Active control of micrometer plasmon propagation in suspended graphene

Data:2022-03-29  |  【 A  A  A 】  |  【Print】 【Close

Since the first experimental observation in 2011, graphene plasmons have shown great potential in nanowaveguides, electrically modulated lasers, as well as molecular sensors. Graphene plasmons (GPs) with tunable resonance frequency can shrink the wavelength of light to the nanoscale (Nature 487, 81, 2012; Nature 487, 85, 2012). The consequent optical field enhancement is of great significance in nanophotonics (Science 349, 168, 2015; Science 351, 248, 2016; Science 357, 191, 2017). However, a necessity for realizing a plasmonic device based on graphene is the long plasmonic propagation length (at least one communication wavelength at room temperature, i.e., 1.5 μm), which is notoriously difficult to achieve due to the undesired interactions between graphene and holding substrates. Besides, nanoscale energy transfer and management by plasmons at the interface of two media are vital for the design of nanophotonic devices such as plasmonic switches, filters, and circuitry.

The leading nanophotonics groups around the world have competitively worked on the dielectric environment design of GPs since 2012. Various substrates are proposed, such as SiO2, SiC and h-BN encapsulated graphene (Science 344, 1373, 2014; Nature Mater. 14, 421, 2015), but the propagation distance of GPs is limited to 400 nmThe low temperature (60 K) can significantly extend the propagation performance to 10 μm by reducing the intrinsic electron-phonon scattering (Nature 557, 530, 2018), which is however not applicable for practical use.

Recently, DAI Qing’s group of Chinese Academy of Sciences (CAS) Key Laboratory of Nanophotonic Materials and Devices collaborates with several international research institutes, such as Prof. Javier García de Abajo of The Institute of Photonic Sciences(ICFO) in Spain, Prof. LIU Mengkun of Stony Brook University in New York, Prof. SUN Zhipei from Aalto University in Finland, Prof. CHEN Jianing from the Institute of Physics of Chinese Academy of Sciences, and Prof. Pablo Alonso-González from Oviedo University in Spain, to successfully achieve micrometer plasmon propagation in suspended graphene at room temperature. The suspended graphene plasmon exhibits highly tunable performance by introducing the graphene suspension height as a novel tuning knob, which is subsequently used as a plasmonic switch for the first time. The significance of this study is also summarized below:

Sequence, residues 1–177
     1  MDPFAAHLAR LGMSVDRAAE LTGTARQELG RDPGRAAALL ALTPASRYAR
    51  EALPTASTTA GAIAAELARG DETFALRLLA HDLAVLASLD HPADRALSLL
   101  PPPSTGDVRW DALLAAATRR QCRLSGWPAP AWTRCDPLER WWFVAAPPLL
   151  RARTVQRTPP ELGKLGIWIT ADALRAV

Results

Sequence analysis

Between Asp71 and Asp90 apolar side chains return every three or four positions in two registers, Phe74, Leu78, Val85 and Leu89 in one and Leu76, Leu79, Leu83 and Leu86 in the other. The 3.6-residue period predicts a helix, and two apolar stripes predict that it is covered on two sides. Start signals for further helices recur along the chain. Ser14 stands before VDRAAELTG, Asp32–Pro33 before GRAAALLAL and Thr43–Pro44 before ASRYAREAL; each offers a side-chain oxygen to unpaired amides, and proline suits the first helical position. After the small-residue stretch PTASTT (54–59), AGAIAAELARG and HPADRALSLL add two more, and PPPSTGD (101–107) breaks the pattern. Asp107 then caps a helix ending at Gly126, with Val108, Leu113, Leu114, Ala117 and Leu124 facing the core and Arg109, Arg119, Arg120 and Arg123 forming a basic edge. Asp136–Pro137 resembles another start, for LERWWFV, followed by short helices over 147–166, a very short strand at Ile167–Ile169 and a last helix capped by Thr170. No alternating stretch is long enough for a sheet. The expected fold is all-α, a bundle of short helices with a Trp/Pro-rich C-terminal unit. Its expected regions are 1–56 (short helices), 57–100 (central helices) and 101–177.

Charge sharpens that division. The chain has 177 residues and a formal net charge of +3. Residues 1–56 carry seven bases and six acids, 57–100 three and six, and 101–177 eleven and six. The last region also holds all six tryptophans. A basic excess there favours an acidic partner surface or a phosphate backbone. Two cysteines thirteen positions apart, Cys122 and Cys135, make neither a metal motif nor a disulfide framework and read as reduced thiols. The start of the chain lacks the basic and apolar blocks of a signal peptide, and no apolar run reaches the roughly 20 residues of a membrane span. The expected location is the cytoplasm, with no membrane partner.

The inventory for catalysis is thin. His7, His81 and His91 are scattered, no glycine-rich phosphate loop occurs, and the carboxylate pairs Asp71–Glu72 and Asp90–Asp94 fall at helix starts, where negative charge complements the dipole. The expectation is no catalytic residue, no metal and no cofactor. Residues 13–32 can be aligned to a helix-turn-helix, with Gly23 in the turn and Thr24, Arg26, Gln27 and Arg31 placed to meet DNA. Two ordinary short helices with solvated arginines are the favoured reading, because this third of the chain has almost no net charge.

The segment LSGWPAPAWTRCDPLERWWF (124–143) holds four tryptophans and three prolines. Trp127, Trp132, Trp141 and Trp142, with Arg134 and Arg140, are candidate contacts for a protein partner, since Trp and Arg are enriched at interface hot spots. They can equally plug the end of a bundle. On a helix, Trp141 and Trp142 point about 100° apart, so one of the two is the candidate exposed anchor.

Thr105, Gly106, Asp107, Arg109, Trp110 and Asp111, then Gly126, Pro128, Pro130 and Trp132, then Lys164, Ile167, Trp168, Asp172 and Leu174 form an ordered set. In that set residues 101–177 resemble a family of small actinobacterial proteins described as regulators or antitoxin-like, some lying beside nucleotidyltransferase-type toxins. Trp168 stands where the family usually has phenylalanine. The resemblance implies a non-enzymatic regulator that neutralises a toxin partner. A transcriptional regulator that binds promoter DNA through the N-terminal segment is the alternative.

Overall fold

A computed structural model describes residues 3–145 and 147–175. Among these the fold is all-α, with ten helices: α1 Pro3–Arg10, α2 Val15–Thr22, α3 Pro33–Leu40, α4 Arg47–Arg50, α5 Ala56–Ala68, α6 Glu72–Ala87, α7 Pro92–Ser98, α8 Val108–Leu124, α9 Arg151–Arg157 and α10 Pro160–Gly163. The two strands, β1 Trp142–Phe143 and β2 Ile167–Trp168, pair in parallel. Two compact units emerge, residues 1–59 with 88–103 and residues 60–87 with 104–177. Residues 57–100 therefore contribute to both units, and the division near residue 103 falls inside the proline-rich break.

*Novel structures. The authors have achieved suspended graphene structure for plasmon by fine control of gas composition/pressure to eliminate flexural phonons and increase graphene stiffness (Figure 1). The suspended graphene structure can not only avoid the losses of the dielectric environment but also provide a unique undisturbed plasmonic environment. This grants a better understanding and tuning of the physical interaction between plasmons and dielectric environments, such as manipulating the plasmon-phonon hybridization between GPs and extrinsic phonons.

Figure 1. (a) An atomic force microscopy imaging of suspended graphene with a diameter of 15 μm. The upper left illustration is the corresponding microscope photograph. (b) Near-field imaging of suspended graphene over a circular hole. Concentric fringes reveal the electric field amplitude of the propagating plasmon. (Image by DAI Qing et al)